A landmark Supreme Court ruling contradicting Mexican law opens the door to the legalization of marijuana.
By four votes to one, the court’s first chamber approved the cultivation, processing and possession of cannabis for personal use. However, the ruling will only apply to four activists – Josefina Ricaño Vàndala, Armando Santacruz González, José Pablo Girault and Juan Francisco Torres Landa Ruffo – who challenged the law by applying to set up a marijuana club in 2013 for recreational, non-commercial use.
They will now be able to proceed with their plans – knowing full well that in doing so they have successfully used the legal system to undermine the law against cannabis use.
However, the government stressed that the court ruling does not mean that anyone else is now free to cultivate cannabis for personal consumption and that the General Health Law outlawing marijuana still applies to others.
“The ruling will only apply to the persons it protects – the resolution of the first chamber does not legalize the supply or sale [of cannabis],” said Humberto Castellejos, legal counsel in the office of the president. “Growing it with any other objective, even for recreation, is a crime according to the law.”
Nevertheless, campaigners for legalization including the four activists who challenged the law, are optimistic that the ruling will pave the way for an eventual dismantling of Mexico’s strict marijuana laws.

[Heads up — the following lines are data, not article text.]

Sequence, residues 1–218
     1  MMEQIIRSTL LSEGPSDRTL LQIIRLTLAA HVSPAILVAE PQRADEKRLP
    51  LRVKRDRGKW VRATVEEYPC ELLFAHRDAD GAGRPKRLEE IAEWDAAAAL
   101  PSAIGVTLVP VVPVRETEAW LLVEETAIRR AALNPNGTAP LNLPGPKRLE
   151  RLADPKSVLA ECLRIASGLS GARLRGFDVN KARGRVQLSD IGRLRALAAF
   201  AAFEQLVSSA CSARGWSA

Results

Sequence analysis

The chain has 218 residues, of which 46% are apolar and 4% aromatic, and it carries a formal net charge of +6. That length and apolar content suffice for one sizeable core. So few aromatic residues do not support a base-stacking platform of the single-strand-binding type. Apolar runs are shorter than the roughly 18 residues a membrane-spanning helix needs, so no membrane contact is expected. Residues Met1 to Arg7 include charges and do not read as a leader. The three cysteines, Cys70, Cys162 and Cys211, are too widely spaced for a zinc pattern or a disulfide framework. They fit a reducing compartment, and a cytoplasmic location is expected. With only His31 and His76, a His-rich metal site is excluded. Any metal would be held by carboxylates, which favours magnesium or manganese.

“This is a tremendously powerful decision that could open the way for real change,” said Santacruz Gonzàlez. “We’ve made history. It’s the first hole in the dike.”
The ruling is the first of its kind and establishes a precedent for similar cases in future. Four more like it would establish jurisprudence and require the federal government to change Mexico’s cannabis laws.
Another legalization campaigner, Hector Aguilar Camín, also welcomed the ruling. “This is a watershed decision; we have to start separating the substance from the hell produced by its persecution,” he said in reference to Mexico’s drug wars, which have killed thousands of people.
“Our objective was always to change drug policy in this country, which is one of the main motors for the violence, corruption and the violation of human rights in Mexico,” said Santacruz Gonzàlez.
Mexican law permits possession of up to five grams of cannabis, but activists say this is a halfway measure as few users buy such small amounts.
Despite the media coverage the case has garnered, and the estimated US $1.5 billion a year marijuana generates for the criminal cartels that produce and traffic it, cannabis use in Mexico is believed to be low – about 2% of the population according to one estimate in 2011.
Moreover, a recent poll put the number of Mexicans in favor of legalizing it at just one in five, as opposed to 77% who opposed such a measure.
Supreme Court Judge Arturo Zaldivar, who proposed the ruling, based his argument on the human right to “personal development” and recreation that did not harm others. However, Zaldivar’s 88-page report did not make any reference to cannabis seeds, an omission cited by the one judge who opposed the ruling, Jorge Mario Pardo Rebolledo.
“How does one guarantee the right to exercise consumer rights. Where are they going to get the seeds from?” he asked, suggesting that the four activists would still be breaking the law by seeking to acquire cannabis seeds to facilitate personal cultivation.